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Analyzing and Optimizing Oracle Database Performance – Part I

For Part II – Analyzing and Optimizing Oracle Database Performance – Part II

You will find summary information about memory management,  analyzing  and optimizing database performance below.

For detailed information check the related SAP Notes and related documentation, please.

I- Memory Management:

     ● The Dynamic System Global Area (SGA) is activated using the following parameters:

                 SGA_MAX_SIZE

DB_CACHE_SIZE (replaces previous parameter DB_BLOCK_BUFFERS)

How to Activate Dynamic System Global Area

1. Use BR*Tools to reset the db_block_buffers parameter.

2. Estimate good start values for the sga_max_size and db_cache_size parameters.

3. Use BR*Tools to change the parameter value of the db_cache_size and sga_max_size parameters.

4. Restart the database to activate your settings.

Related SAP Note:

617416 – Oracle9i: Dynamic SGA

789011 – FAQ: Oracle memory areas

     ● The Automatic Oracle Program Global Area (PGA)  is activated using the following parameters:

WORKAREA_SIZE_POLICY  (Default = AUTO)

This parameter sets the automatic PGA tuning dynamically to AUTO or switch off (MANUAL).

PGA_AGGREGATE_TARGET

This parameter defines the maximum amount of memory, in bytes, kilobytes (KB), megabytes (MB), or gigabytes (GB), that can be used for PGA. It is dynamically adjustable.

The following general recommendations apply to a standalone database server:

OLTP systems

PGA_AGGREGATE_TARGET = <Total physical memory> * 20%

Data warehouse systems

PGA_AGGREGATE_TARGET = <Total physical memory> * 40%

Additional guide value and lower limit

PGA_AGGREGATE_TARGET >= (SORT_AREA_SIZE + HASH_AREA_SIZE +…) *

PGA_AGGREGATE_TARGET is restricted by the SGA_MAX_SIZE + PGA_AGGREGATE_TARGET <= <phys. memory of DB server> formula.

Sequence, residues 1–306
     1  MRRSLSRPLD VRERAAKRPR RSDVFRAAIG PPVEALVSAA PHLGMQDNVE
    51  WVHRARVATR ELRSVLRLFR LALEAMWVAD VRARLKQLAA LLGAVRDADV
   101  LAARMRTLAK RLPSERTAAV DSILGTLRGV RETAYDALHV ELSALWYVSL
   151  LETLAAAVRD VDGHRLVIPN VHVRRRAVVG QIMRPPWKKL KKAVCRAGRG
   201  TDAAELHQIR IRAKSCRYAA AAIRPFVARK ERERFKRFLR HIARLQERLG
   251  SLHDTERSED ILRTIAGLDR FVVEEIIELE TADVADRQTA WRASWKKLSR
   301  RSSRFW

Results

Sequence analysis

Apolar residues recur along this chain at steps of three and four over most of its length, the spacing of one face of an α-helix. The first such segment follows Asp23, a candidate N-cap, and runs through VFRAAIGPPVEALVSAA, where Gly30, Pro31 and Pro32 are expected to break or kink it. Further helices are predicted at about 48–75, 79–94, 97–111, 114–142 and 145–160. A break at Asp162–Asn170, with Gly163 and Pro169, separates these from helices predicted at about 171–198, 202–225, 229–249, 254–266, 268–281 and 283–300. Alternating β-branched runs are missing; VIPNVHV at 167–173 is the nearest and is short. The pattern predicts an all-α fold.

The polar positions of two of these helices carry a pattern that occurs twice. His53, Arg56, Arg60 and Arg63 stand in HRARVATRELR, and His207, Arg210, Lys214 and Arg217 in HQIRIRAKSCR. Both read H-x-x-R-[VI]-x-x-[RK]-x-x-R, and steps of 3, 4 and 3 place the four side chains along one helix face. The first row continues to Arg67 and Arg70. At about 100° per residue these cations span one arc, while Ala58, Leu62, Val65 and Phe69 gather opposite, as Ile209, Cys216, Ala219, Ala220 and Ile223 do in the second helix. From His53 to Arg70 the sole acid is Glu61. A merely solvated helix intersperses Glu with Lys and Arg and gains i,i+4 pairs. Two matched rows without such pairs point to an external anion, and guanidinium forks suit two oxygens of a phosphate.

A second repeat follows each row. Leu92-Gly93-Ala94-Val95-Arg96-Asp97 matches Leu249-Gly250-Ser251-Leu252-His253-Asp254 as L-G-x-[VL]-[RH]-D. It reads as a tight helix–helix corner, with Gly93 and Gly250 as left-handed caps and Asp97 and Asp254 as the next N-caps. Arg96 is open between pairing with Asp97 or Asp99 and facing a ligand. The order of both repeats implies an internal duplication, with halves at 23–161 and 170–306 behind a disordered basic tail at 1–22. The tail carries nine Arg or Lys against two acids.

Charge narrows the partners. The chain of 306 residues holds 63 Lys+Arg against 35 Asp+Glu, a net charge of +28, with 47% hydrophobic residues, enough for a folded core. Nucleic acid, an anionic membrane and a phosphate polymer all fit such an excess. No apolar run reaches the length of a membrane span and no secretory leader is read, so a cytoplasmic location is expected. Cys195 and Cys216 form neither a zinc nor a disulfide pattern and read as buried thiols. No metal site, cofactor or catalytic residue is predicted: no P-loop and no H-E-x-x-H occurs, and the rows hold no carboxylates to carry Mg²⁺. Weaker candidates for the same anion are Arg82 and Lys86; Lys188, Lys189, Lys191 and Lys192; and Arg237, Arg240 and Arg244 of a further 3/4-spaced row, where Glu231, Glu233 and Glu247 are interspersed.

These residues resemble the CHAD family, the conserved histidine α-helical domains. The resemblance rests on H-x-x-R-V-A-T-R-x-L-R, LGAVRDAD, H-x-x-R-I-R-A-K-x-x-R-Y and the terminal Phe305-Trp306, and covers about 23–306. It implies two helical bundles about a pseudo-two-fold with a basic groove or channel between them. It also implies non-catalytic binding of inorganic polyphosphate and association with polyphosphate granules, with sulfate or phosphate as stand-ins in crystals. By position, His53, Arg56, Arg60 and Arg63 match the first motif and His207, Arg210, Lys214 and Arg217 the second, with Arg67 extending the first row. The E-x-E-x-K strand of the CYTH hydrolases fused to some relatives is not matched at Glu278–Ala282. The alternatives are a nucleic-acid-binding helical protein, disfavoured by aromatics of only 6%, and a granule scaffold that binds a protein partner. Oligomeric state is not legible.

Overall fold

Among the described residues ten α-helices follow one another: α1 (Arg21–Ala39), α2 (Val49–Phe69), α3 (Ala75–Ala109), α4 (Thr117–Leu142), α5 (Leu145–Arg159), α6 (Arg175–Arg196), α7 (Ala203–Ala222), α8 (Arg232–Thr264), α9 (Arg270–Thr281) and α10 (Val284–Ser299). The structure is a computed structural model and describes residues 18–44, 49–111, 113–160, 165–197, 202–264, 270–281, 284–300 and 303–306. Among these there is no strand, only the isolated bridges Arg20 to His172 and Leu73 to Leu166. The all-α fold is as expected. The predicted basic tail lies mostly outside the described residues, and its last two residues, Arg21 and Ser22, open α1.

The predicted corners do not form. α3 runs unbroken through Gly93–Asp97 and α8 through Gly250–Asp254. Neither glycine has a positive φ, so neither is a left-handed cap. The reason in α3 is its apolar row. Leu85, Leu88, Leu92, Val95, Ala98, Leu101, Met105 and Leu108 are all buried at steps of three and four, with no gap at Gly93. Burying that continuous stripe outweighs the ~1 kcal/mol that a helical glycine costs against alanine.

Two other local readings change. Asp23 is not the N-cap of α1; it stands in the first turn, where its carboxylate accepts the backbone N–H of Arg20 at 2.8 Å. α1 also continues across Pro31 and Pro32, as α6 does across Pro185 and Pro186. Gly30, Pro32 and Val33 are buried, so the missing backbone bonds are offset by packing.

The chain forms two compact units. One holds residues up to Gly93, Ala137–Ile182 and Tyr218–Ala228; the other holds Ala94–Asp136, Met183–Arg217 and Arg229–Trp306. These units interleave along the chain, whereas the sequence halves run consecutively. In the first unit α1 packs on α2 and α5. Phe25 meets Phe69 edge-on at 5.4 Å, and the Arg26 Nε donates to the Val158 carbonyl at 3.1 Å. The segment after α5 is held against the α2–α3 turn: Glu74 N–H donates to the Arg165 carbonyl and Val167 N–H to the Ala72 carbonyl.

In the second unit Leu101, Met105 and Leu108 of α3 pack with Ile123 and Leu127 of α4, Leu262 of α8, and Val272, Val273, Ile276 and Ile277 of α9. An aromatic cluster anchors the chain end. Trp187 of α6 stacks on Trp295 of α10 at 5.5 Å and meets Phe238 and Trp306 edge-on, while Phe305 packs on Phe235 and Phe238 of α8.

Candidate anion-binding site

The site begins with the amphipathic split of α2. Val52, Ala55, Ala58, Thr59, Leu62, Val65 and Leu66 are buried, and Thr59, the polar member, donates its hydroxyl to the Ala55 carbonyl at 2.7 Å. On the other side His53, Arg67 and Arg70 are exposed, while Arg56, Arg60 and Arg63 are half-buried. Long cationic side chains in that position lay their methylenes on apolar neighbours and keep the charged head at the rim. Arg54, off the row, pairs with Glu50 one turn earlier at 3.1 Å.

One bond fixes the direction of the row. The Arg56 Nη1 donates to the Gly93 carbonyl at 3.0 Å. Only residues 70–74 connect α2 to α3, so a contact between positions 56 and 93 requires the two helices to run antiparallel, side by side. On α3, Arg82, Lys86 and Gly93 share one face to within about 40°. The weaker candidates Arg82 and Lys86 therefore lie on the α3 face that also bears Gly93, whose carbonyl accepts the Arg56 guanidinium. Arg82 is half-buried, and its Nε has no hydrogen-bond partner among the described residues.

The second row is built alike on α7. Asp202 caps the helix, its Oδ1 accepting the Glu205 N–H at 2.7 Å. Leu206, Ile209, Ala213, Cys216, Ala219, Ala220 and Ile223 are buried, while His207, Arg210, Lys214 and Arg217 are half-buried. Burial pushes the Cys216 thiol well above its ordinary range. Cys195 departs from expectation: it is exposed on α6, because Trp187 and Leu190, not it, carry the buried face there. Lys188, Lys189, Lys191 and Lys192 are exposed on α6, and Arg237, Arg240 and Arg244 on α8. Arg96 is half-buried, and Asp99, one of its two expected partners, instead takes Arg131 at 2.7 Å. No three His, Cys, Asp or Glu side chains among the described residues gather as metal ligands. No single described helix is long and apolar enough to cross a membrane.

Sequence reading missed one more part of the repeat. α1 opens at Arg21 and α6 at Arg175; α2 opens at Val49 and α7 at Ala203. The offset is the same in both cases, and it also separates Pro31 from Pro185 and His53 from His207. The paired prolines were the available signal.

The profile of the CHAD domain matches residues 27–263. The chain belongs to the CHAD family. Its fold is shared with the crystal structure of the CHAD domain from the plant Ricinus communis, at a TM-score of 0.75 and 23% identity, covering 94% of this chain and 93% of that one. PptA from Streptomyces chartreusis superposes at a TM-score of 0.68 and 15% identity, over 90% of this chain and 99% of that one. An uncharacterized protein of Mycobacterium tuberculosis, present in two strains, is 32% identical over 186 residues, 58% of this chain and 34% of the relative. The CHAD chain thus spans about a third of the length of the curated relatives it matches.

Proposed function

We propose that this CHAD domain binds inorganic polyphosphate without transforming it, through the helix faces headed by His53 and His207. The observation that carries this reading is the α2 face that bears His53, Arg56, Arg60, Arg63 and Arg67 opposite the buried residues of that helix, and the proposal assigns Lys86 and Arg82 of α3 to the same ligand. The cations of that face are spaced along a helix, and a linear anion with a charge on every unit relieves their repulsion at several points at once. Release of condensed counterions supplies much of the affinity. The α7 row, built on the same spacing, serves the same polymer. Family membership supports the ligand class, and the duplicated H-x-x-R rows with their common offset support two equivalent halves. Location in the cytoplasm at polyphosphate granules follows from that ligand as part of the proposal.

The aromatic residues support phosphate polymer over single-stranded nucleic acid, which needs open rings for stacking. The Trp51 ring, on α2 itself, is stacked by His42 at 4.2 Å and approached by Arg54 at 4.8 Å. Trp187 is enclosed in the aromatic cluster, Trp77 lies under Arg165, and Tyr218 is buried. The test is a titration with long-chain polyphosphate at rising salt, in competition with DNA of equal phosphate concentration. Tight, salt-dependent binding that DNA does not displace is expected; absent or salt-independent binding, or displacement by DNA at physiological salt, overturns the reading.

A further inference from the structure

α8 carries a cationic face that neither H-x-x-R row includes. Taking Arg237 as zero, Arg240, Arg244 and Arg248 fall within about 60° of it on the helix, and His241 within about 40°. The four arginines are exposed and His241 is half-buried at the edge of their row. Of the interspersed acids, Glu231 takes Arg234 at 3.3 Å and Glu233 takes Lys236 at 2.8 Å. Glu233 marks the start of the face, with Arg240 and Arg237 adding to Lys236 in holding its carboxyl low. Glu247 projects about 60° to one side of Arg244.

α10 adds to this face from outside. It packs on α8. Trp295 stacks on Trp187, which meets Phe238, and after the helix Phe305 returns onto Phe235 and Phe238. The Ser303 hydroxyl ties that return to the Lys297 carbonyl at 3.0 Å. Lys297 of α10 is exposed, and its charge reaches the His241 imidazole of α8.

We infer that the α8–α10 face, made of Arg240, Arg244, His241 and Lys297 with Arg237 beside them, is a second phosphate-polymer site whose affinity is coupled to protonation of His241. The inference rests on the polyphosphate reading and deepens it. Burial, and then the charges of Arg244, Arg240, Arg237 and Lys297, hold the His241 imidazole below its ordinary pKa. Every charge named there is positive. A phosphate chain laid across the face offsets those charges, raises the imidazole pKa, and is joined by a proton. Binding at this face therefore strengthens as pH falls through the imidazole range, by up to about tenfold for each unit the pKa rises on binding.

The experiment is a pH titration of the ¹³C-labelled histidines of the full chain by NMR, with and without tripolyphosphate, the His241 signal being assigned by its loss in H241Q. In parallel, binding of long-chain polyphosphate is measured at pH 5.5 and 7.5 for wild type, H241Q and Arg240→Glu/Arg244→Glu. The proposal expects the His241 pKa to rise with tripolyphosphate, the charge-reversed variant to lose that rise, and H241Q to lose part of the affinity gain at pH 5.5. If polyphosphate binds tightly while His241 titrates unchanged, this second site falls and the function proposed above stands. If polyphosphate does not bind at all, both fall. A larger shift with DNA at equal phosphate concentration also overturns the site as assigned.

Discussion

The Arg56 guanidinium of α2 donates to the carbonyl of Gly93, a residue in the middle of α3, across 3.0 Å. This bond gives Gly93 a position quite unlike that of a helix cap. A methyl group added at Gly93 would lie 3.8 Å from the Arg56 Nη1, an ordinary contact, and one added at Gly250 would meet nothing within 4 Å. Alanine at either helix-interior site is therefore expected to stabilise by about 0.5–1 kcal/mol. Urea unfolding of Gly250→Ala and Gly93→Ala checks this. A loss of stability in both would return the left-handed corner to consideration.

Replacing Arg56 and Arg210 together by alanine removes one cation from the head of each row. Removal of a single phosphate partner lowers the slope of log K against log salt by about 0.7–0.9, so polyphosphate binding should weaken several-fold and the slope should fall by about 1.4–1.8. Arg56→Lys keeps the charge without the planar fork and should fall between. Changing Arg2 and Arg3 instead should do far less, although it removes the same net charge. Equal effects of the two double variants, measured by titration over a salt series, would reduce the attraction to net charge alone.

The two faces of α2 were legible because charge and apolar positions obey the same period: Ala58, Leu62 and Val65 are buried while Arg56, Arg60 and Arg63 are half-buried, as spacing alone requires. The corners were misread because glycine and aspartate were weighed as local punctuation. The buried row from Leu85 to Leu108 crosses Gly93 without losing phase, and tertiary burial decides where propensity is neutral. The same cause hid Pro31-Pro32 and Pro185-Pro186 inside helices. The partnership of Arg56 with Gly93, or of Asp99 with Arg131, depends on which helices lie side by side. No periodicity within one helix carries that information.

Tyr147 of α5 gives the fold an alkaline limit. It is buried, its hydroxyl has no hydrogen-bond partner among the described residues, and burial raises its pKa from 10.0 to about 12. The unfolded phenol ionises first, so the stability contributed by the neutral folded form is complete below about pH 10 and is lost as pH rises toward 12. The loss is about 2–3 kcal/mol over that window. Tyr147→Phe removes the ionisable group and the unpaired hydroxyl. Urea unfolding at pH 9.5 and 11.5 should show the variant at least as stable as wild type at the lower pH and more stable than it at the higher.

● Related SAP Note:

                 619876 – Oracle9i: Automatic PGA Memory Management

789011 – FAQ: Oracle memory areas

II- DBA Cockpit Performance Monitors

The Performance Overview monitor is the entry screen of the performance monitor in the new DBA Cockpit. The following list describes some key performance figures for the Oracle database:

      Performance_Figure_1.jpg

The data buffer quality is based on the ratio of the number of physical reads to the total number of reads. The lower the ratio, the better the buffer quality. The data buffer quality must be greater than 94%. The statistics must be based on 15 million total reads. This number of reads ensures that the database is in a state of equilibrium.

A ratio of user and recursive calls that is greater than 2 indicates good performance; otherwise, the number of recursive calls compared to the number of user calls is too high. Over time, this ratio declines because an increasing number of SQL statements are parsed in the meantime.

If the number of reads per user call exceeds 30 blocks, it might indicate an expensive SQL statement.

Values larger than 15 ms indicate an optimization issue. Check the value of the time/user call.

The Data Dictionary (DD) cache quality needs to be better than 80%.

In the comparison between the busy wait time and the CPU time, a ratio of 60:40 indicates a well-tuned system. Significantly higher values, such as 80:20, indicate room for improvement.